Educators of the Year

Renaissance Curriculum Team 600x400Renaissance Curriculum Team 

University of Maryland School of Medicine

(In photo, from left: Norman Retener, Olga Ioffe, Devang Patel, Philip Dittmar, Donna Parker, Constance Lacap, Nirav Shah, Joseph Martinez, Sandra Quezada. Not pictured: Kerri Thom.)

It was already a daunting task: Revamp the University of Maryland School of Medicine’s (UMSOM) curriculum for the first time in 25 years. Then months before the curriculum would launch, a global pandemic and the country’s reckoning with systemic racism added more challenges. But this did not stop a team of educators from meeting the goal of providing UMSOM students with a modern curriculum.

When the school embarked on the revisions three years ago, the curriculum team consulted with 100 UMSOM educators, residents, and students to develop its mission, which is to train the Renaissance Physician: lifelong learners who are clinically excellent and possess humanism, professionalism, scholarship, leadership, critical thinking, and attention to social justice and diversity.

The team spoke with colleagues at 20 institutions and studied curricula and best practices across the country. It recognized the importance of identifying the environment and values that contribute to making UMSOM excellent in biomedical education, basic and clinical research, and quality patient care and service.

And the members of the Renaissance Curriculum Team — Philip Dittmar, MD; Olga Ioffe, MD; Constance Lacap, DO; Joseph Martinez, MD; Donna Parker, MD, FACP; Devang Patel, MD; Sandra Quezada, MD, MS; Norman Retener, MD; Nirav Shah, MD; and Kerri Thom, MD, MS — are being recognized as the University of Maryland, Baltimore’s (UMB) 2021 Educators of the Year for their work.

James B. Kaper, PhD, vice dean for academic affairs, UMSOM, praised their efforts.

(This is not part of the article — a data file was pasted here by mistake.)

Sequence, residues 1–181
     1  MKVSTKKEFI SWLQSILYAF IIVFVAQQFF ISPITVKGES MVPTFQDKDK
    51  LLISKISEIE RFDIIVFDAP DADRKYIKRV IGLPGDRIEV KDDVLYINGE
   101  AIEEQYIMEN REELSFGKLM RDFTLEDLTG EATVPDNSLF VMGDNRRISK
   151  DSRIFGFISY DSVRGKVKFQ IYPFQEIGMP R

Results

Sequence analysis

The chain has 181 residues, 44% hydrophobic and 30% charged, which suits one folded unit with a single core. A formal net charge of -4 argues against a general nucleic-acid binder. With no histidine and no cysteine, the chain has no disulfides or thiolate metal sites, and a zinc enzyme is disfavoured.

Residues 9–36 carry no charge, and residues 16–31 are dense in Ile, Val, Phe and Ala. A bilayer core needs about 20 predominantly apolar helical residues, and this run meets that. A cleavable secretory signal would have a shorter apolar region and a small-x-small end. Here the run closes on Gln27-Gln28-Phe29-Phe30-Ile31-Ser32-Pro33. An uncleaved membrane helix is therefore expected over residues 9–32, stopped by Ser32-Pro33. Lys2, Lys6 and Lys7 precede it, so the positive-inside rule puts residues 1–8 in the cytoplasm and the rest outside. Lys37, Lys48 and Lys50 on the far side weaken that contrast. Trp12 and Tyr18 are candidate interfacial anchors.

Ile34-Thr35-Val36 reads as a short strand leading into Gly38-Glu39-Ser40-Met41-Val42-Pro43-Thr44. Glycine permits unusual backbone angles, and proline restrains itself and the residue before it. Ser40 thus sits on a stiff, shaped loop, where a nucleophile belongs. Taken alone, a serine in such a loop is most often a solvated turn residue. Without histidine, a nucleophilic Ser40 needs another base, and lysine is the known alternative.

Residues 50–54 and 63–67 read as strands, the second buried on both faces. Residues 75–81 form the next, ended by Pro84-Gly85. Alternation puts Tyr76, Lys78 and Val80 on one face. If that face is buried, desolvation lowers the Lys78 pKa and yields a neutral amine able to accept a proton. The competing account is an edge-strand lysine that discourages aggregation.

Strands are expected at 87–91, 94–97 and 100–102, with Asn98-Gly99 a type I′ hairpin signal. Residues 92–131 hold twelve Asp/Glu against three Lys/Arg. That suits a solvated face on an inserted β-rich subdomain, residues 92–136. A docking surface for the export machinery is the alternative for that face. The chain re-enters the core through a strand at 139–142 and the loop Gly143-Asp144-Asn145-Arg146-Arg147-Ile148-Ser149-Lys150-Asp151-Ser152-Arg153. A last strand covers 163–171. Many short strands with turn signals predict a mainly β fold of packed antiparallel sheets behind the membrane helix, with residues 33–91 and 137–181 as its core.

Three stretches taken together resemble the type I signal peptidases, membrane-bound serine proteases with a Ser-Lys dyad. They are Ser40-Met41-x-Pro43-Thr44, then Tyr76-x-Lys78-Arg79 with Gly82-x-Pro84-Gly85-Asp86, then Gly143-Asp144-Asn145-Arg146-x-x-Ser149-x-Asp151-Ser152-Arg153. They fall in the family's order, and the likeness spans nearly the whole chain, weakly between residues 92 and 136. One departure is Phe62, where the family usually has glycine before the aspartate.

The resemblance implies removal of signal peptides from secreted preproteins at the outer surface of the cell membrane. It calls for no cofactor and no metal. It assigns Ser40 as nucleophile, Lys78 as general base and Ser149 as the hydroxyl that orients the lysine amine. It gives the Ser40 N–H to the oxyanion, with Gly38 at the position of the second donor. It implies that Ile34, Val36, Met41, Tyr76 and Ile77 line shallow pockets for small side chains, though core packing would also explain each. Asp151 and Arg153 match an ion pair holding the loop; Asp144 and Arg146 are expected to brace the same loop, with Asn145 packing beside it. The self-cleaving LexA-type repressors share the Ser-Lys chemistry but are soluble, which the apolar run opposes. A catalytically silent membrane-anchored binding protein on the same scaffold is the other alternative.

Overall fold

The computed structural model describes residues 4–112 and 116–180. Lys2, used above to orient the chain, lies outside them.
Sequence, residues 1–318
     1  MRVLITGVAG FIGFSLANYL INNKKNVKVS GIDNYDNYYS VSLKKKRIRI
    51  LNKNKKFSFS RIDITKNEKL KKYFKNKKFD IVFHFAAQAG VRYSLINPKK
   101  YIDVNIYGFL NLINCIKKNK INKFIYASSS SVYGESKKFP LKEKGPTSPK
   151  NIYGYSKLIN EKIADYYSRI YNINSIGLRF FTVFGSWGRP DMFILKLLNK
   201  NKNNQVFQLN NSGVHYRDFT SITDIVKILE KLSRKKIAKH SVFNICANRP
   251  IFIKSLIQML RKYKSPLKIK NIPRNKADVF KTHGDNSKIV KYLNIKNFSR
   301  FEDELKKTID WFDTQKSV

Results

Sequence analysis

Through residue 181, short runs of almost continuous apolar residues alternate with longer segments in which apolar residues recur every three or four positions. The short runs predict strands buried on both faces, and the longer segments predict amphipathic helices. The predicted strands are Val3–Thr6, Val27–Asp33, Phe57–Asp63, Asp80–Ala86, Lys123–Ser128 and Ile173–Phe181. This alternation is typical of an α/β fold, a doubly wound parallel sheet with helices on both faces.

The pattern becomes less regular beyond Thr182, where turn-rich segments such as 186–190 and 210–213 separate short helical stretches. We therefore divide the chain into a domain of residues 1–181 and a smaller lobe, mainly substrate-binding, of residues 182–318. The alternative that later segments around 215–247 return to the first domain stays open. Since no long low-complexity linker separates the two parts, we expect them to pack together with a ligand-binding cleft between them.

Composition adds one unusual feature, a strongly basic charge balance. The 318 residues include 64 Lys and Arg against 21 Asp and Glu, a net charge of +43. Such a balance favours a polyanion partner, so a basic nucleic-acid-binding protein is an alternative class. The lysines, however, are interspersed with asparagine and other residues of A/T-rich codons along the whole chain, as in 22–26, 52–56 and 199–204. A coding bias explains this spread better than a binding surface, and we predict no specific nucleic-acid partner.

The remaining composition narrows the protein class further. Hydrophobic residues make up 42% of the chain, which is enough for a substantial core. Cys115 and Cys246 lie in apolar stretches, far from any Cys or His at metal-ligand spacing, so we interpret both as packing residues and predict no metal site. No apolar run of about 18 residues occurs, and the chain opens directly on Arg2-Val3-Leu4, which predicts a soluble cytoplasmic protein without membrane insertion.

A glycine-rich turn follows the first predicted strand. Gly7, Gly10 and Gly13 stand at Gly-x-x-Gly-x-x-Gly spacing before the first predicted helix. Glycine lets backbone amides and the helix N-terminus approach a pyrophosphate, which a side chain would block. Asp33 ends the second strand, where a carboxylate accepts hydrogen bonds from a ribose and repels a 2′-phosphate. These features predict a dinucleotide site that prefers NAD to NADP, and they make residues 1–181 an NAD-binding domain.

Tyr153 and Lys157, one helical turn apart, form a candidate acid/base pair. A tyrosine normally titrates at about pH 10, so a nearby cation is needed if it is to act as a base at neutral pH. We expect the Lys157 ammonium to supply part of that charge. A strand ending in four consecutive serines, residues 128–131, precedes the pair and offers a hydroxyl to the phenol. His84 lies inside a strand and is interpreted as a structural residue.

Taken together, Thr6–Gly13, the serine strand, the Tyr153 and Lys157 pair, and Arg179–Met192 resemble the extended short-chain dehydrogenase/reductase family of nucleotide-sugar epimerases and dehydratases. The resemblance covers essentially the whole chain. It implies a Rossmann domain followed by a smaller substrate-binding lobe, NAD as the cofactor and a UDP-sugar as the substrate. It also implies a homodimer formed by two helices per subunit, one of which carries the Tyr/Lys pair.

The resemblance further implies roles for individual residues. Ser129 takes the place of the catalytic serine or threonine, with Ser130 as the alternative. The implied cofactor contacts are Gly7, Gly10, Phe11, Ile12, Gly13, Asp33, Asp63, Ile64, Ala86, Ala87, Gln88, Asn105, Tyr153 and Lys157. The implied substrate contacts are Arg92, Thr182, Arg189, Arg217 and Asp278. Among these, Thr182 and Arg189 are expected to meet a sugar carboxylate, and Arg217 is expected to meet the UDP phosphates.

“The curriculum revision was not just some ‘tinkering around the edges,’ but a complete revision starting from the ground up. The faculty team took this on as an additional project above and beyond their baseline work,” he said.

The team spent countless hours brainstorming and implementing new methodologies and met with the UMB Faculty Center for Teaching and Learning (FCTL) to implement team-based learning (TBL), which improves communication and problem-solving skills within teams of students.

“Team-based learning specifically and active learning in general are wonderful ways to engage students in their own education,” said Parker, senior associate dean for undergraduate medical education, UMSOM. “Learners are easily able to retrieve data and information quickly from a variety of sources in 2021, so our role has become even more about teaching them how to assess which information is the most accurate, and how to apply that information into patient care. Having students work together to problem-solve with faculty supervision is a great way to teach them to think like physicians.”

One big change to the curriculum is in the preclerkship phase. The team shortened and developed it into a combination of lectures, small-group discussions, laboratory sessions, and clinical correlates centered around a patient and/or family affected by a disease.

“We wanted to end the preclerkship years earlier to give students more time to explore clinical medicine and career opportunities,” Parker said. “In the clinical years, there were some important rotations that we felt every student should have, and we also needed to make room for those.”